As a pacing threat, China has a well-integrated, systematic, long-term strategy to make sure it’s doing the most to achieve its goal to be No. 1 in the world in technology, the director of the Defense Innovation Unit told the National Defense Industrial Association, Tuesday.
“We’re not entering a new Cold War,” said Michael Brown in a virtual, keynote address to NDIA’s National Security Artificial Intelligence Conference and Exhibition.
What he thinks is different from the former Cold War starts with China’s economic scale. China clearly has the potential to overtake the U.S. in terms of economic scale because its population is four times as large, Brown said.
The other key difference is China is well-integrated into the global economic system, he said.
“That’s part of the reason they’ve risen so dramatically economically, and they’re using global institutions. They want to be well-integrated and, in fact, setting [up] how those institutions operate. China [also] wants to have very successful integration of commercial technology into their military,” he said.
China has quite an impressive set of technologies where they’re already leading, Brown said.
“If you look at where they’re challenging us [in] AI [artificial intelligence], they are a lot closer than we would like, and we need to continue to invest to make sure that we maintain a lead. I would say AI is just one of the areas where we need to continue to invest to make sure that we — with our allies — have a lead,” he said.
The DIU director emphasized that China has more genetic data on U.S. citizens than the United States. They’ve also made it a point to figure out what they can do with mining that data and combining that with other information they’ve stolen — like health records, or our security clearance information — which has dramatic implications, both offensively and defensively, he added.
Brown said one of the things the U.S. needs to do in response is think about long-term investments in technologies “[and] not to pick winners and losers to make sure we’re setting the table so we have a very robust set of commercial suppliers who can be challenging these Chinese global champions,” he explained.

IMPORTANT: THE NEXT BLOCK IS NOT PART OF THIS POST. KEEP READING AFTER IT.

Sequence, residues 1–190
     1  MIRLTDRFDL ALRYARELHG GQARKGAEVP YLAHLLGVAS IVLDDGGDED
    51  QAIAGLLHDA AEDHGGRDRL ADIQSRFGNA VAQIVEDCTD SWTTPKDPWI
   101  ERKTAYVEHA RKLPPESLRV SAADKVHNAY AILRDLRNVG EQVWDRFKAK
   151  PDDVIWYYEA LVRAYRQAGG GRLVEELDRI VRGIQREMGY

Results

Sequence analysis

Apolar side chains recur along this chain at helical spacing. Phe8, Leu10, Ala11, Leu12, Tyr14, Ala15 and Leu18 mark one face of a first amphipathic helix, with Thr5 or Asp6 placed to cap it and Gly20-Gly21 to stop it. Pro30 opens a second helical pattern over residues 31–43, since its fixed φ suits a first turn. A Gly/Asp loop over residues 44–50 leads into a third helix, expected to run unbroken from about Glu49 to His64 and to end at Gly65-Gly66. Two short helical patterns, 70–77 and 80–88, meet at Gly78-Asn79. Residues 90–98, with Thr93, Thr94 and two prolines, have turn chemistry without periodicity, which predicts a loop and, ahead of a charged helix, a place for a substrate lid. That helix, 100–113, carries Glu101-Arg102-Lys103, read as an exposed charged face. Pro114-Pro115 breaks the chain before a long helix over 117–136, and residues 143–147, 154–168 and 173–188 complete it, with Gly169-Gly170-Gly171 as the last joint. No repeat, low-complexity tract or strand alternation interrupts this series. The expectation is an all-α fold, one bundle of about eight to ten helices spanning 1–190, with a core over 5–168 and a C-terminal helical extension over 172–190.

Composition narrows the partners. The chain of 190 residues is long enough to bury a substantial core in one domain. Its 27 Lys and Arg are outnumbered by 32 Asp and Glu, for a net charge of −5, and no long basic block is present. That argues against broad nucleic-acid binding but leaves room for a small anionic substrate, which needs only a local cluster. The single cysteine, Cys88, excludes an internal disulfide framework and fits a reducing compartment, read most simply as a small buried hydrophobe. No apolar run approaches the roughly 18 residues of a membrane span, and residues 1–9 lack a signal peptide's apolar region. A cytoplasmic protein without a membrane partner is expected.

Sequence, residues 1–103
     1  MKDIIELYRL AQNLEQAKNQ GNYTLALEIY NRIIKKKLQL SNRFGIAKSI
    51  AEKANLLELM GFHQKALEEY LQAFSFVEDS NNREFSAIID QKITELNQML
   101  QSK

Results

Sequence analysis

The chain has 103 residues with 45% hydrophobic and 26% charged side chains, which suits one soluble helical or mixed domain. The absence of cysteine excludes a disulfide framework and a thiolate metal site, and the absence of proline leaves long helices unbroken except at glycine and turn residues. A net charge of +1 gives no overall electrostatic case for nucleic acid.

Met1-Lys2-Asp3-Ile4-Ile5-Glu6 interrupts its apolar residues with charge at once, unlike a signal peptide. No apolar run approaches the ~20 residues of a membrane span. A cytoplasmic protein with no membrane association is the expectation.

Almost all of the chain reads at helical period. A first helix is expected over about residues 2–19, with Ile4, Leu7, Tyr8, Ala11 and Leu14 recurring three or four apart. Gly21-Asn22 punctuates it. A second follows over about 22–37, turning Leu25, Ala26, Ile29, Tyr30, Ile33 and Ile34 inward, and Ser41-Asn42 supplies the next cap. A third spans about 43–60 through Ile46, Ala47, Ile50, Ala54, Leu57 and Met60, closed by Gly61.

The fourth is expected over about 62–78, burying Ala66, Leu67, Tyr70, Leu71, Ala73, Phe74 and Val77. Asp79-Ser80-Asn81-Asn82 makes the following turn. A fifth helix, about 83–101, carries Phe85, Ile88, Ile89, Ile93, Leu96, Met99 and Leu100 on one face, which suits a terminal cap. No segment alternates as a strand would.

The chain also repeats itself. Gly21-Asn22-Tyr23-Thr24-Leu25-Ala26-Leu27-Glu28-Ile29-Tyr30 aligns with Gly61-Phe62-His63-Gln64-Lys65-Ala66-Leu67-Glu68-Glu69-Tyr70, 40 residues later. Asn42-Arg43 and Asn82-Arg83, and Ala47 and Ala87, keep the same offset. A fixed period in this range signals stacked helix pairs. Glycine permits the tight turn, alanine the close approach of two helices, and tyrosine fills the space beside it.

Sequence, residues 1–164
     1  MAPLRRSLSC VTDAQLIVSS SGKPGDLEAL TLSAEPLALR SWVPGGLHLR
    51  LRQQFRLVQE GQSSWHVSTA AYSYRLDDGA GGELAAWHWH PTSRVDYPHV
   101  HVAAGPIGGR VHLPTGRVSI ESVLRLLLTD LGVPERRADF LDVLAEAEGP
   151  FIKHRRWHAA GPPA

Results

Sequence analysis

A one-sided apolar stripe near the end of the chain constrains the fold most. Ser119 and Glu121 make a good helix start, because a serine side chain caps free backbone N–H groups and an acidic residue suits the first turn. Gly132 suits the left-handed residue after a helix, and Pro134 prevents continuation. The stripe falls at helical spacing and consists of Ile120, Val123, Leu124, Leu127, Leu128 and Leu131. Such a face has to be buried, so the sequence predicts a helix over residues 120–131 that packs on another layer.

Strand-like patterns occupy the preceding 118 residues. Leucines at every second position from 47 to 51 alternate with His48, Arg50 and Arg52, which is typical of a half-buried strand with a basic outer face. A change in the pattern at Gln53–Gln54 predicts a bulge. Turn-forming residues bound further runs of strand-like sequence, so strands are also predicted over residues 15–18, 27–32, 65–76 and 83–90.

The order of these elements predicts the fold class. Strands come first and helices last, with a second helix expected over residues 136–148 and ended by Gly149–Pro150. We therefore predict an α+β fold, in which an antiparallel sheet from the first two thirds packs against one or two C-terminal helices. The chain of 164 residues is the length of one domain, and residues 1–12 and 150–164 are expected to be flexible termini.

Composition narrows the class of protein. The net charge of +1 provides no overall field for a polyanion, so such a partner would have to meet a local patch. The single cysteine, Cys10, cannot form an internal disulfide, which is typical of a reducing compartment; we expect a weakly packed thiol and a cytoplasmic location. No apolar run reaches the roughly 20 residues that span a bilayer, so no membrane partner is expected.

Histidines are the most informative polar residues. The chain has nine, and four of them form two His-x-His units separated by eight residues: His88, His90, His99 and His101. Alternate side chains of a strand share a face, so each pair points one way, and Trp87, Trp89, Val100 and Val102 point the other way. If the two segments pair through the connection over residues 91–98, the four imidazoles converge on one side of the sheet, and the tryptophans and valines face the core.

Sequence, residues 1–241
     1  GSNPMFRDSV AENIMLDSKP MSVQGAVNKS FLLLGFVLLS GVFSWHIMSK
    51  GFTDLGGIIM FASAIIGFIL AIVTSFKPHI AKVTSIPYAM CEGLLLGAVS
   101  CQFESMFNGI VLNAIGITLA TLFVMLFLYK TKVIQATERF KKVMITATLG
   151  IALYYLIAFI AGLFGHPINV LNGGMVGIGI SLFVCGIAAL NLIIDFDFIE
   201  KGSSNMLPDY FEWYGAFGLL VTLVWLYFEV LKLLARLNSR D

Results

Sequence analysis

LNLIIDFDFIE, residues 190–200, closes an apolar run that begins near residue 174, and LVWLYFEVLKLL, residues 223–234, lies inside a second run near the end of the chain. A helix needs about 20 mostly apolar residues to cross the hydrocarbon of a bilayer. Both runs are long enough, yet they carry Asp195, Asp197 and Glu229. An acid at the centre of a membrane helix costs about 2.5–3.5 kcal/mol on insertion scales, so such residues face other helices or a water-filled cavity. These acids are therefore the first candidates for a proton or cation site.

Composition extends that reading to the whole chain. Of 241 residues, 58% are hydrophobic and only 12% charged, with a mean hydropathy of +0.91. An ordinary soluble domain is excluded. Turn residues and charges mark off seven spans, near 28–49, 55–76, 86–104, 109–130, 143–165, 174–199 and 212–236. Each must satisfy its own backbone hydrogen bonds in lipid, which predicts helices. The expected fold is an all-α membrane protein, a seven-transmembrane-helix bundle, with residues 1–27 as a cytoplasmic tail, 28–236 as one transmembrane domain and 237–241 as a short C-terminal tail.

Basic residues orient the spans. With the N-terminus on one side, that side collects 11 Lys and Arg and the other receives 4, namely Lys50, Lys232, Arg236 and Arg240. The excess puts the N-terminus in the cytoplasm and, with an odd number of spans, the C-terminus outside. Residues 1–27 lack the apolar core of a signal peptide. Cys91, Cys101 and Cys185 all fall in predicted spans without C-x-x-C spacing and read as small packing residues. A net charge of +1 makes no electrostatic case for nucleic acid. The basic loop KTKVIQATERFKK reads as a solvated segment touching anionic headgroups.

If the U.S. is thinking out beyond the next 20, 30 or 40 years as China is, such an investment will have untold spillover effects, Brown said. This is where the internet, global positioning systems, miniaturized electronics and other key innovations have come from that lead to tremendous economic prosperity, which, in turn, guarantees U.S. national security, he added.
Brown said he thinks of the technological race with China as a superpower marathon, and there are four steps the U.S. should take that will put it on the best footing for this race:
- Bolster investment in basic research and development that’s both on the federal level and on the private sector side. “I think one of the advantages of federally funded R&D [research and development] is you get a very long-term time horizon and some willingness to take risks,” he said.
- Invest in its talent. “We did this to create more engineers in the 1960s, and we need to similarly have an effort again, to make sure we’re creating the right STEM talent,” he said.
- Ensure all U.S. departments and agencies work together. “I think this gives us an organizing principle in terms of making sure we’re leading in the tech race,” he said, noting that China is the sense of urgency that should motivate us.
- Focus with the shareholder revolution in this country. “Basically, since the 1980s, we’ve been increasingly focused on efficiency of capital, [such as] what are the short-term measures in a world where you don’t have great peer competitors. But in a world where you have challenges from strategic adversaries, you probably don’t want the supply chain running through those areas. It would behoove us to make sure our capital markets are focused long enough term so we can make investments in strategic capabilities, in addition to reflecting efficiency of capital,” he concluded.